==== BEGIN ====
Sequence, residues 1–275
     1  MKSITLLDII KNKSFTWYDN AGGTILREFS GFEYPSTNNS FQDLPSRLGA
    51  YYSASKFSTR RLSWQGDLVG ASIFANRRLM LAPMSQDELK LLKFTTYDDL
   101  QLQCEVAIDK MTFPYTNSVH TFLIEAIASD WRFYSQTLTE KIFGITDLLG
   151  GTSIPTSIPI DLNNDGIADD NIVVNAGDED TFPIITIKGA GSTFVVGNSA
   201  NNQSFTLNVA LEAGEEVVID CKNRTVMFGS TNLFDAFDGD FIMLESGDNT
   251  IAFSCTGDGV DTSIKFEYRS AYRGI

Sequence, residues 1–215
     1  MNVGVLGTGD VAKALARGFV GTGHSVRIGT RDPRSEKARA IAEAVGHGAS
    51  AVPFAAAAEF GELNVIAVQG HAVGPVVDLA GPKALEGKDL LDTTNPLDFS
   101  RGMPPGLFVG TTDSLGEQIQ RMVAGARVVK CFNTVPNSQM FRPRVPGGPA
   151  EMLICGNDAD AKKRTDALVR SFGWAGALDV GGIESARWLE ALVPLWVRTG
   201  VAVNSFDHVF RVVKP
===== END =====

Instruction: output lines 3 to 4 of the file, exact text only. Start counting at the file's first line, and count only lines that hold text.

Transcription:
    51  YYSASKFSTR RLSWQGDLVG ASIFANRRLM LAPMSQDELK LLKFTTYDDL
   101  QLQCEVAIDK MTFPYTNSVH TFLIEAIASD WRFYSQTLTE KIFGITDLLG